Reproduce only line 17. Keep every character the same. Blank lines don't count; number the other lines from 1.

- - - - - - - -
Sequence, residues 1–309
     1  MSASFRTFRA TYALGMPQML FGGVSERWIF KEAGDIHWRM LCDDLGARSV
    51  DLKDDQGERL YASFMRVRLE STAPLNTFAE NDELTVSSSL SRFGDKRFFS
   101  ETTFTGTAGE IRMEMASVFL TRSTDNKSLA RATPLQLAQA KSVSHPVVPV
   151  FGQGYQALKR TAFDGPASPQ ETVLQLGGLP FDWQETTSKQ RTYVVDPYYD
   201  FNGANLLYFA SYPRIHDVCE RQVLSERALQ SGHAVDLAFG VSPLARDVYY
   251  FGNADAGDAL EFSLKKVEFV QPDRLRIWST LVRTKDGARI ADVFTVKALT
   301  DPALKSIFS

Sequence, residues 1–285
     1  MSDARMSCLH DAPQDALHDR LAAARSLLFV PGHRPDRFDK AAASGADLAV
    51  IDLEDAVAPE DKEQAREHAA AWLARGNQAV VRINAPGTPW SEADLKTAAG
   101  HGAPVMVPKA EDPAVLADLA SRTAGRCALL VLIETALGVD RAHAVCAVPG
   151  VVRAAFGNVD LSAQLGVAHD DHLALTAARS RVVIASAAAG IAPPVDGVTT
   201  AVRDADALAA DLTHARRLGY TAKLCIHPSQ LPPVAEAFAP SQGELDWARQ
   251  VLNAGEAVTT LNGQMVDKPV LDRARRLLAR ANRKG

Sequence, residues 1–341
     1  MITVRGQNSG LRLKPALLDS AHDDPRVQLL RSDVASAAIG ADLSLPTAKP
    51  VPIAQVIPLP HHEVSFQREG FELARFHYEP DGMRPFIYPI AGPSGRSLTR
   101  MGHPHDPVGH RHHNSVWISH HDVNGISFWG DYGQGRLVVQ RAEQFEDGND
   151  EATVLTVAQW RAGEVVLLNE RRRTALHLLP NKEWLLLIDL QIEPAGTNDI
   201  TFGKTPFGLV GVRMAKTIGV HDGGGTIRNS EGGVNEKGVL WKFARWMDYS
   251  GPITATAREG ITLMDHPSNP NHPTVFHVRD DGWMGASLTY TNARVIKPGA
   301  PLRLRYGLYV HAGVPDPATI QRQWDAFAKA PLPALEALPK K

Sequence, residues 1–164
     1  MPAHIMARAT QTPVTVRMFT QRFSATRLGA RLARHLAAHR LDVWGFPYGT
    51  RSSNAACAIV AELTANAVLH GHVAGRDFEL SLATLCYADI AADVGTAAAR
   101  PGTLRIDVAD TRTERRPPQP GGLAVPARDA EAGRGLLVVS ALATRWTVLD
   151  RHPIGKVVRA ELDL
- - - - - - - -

     1  MITVRGQNSG LRLKPALLDS AHDDPRVQLL RSDVASAAIG ADLSLPTAKP